Even without considering this added Lacanian “sexuation” in our commune with others, it is never possible to be wholly understood. We can never be certain that our explanations reach the nub, or hit the mark: the bullseye. There is always a void, a gap between oneself and another self. The symbolic order opens an awareness of a constantly nagging absence. That je ne se quoi of something missing: the memory of that first perfect cathexis with the mother or the word that misinterprets vorstellung, that just misses the lived experience. This hole in our lives creates our drive, our search toward adequately finding a shape that fits the missing gap. Our desire is in the pursuit of an objet a, this something to want, to hanker over and yearn for, to aim for. And it is the steadying of the aim that propels us forward not the accuracy of hitting the bullseye. Zizek reiterates how Drive “knows” that the shortest way to attain its aim is to circulate around its goal-object.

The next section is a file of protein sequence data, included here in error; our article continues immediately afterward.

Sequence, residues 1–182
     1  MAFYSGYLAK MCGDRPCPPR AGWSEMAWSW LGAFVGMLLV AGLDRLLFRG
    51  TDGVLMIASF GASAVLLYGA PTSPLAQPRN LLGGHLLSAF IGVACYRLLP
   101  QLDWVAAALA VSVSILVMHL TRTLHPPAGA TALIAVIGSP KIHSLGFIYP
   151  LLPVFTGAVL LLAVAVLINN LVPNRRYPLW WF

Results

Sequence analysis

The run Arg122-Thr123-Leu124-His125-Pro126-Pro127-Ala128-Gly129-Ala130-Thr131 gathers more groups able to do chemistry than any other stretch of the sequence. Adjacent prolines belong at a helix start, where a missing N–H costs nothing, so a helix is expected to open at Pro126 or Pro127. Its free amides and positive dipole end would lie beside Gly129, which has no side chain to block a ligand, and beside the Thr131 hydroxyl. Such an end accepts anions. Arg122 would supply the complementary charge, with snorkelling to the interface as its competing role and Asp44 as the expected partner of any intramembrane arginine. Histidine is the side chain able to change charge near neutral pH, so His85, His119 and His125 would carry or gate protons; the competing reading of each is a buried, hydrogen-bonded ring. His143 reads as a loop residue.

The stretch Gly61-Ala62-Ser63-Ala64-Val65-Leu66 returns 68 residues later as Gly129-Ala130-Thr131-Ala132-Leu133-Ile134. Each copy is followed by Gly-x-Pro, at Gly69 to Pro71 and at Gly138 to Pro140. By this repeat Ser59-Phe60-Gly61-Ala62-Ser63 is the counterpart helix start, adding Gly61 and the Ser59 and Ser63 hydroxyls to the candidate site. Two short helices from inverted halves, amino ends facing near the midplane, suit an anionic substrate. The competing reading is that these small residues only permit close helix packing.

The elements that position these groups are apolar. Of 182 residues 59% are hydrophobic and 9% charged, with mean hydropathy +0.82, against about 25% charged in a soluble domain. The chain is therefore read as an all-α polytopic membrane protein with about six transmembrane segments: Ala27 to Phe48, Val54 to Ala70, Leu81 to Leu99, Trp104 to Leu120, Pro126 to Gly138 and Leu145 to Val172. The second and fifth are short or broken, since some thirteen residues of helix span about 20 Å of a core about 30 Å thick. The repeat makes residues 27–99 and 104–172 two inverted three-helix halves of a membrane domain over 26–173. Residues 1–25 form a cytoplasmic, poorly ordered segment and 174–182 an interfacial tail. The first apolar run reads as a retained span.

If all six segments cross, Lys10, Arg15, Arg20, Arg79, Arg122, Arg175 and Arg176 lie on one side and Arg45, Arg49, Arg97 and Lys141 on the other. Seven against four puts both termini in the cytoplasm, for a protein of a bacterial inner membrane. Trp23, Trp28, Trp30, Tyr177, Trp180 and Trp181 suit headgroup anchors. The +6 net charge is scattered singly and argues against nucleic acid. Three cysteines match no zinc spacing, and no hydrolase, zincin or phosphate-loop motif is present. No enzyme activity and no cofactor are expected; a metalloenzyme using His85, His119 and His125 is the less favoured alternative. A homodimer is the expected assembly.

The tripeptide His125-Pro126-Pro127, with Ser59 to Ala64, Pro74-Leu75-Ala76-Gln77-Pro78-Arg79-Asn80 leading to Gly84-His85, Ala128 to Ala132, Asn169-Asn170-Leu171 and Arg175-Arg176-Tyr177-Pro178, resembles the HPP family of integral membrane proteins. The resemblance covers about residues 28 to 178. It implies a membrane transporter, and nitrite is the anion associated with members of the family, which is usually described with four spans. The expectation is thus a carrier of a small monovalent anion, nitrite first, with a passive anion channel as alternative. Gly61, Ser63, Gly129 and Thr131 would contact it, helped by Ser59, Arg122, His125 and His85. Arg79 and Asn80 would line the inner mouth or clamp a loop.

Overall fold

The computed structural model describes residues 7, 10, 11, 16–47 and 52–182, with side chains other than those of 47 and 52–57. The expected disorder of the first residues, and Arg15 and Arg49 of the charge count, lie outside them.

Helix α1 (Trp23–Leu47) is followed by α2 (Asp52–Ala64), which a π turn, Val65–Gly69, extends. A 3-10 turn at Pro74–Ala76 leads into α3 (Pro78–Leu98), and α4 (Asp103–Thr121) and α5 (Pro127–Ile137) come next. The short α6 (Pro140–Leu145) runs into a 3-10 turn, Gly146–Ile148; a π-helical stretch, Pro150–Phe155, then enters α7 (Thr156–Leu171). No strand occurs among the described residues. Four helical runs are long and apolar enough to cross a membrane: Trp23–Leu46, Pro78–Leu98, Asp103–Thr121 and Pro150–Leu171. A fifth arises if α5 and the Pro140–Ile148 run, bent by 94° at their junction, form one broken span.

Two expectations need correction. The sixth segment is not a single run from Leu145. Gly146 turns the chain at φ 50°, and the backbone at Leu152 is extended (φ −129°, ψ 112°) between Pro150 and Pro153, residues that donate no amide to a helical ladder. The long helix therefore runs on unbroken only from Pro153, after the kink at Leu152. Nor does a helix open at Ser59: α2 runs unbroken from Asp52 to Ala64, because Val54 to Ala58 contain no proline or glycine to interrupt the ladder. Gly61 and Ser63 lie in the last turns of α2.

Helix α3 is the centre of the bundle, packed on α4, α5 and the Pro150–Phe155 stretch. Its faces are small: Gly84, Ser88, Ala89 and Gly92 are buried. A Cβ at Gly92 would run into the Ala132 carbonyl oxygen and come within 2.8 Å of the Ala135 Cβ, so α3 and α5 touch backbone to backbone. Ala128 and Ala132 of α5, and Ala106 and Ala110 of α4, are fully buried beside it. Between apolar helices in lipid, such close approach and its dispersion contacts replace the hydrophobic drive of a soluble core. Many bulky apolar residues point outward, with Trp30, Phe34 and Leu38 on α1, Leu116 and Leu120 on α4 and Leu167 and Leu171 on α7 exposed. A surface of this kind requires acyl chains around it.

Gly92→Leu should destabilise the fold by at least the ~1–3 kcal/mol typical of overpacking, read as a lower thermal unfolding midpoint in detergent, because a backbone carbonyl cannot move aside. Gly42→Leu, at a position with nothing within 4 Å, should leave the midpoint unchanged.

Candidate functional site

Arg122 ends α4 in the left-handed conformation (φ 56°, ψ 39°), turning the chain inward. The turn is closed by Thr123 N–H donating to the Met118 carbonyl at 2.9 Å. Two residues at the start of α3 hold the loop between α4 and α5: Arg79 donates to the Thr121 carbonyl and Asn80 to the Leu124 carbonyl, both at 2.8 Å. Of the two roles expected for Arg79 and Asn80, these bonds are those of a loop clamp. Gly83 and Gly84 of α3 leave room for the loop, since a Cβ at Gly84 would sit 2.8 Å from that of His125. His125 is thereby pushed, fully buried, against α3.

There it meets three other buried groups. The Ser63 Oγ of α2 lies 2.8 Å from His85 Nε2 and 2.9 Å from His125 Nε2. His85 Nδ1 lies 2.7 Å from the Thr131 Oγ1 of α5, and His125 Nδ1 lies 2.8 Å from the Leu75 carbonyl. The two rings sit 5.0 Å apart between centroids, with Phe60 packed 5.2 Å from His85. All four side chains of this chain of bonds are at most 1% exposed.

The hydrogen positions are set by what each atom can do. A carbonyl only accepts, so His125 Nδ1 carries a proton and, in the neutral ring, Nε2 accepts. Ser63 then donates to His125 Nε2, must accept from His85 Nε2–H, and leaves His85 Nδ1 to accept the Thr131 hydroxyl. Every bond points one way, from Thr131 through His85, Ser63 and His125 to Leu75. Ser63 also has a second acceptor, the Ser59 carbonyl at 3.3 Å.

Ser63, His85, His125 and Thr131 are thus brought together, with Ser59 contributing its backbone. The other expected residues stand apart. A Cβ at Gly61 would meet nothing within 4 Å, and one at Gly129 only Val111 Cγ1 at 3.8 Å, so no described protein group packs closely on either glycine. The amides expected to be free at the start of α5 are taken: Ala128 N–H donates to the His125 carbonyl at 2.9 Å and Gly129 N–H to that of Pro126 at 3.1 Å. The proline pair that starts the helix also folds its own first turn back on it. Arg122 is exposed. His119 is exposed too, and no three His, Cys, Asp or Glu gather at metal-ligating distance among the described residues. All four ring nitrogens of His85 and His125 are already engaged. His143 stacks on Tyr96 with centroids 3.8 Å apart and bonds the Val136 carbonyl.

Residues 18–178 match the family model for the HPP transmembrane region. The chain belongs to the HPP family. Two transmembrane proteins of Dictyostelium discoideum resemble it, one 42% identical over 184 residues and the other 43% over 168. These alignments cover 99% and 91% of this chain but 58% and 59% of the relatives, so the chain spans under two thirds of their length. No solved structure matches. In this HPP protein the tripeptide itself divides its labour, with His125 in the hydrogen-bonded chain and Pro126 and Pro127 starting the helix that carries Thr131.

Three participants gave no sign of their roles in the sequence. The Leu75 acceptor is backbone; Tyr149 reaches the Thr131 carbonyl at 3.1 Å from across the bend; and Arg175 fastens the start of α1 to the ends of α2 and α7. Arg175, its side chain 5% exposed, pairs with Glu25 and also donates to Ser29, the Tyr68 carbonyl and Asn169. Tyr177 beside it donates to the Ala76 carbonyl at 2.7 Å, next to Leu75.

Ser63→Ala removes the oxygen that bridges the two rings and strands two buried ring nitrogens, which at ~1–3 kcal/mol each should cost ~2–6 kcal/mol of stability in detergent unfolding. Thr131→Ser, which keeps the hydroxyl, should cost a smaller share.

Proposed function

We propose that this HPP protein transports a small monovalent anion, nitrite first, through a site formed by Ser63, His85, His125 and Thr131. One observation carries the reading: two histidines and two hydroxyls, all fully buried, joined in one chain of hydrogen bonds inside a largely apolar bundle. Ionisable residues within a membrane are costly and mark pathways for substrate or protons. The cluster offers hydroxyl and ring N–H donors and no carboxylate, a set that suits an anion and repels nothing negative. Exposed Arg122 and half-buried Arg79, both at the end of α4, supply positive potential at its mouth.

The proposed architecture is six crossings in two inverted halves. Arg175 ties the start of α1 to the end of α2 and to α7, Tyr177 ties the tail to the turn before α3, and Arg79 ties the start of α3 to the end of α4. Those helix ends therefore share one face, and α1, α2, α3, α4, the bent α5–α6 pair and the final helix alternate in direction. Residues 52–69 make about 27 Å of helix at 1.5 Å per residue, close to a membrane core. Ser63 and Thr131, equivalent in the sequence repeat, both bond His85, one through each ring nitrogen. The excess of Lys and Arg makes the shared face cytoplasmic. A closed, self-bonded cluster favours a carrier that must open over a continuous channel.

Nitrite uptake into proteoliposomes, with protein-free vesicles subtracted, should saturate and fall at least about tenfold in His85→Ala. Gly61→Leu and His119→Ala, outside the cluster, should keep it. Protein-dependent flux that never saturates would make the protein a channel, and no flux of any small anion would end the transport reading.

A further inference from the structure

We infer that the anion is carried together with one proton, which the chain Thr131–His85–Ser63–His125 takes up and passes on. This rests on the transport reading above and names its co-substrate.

(Zizek states, “One should bear in mind here Lacan’s well-known distinction between the aim and the goal of drive: while the goal is the object around which drive circulates, its (true) aim is the endless continuation of this circulation as such.”)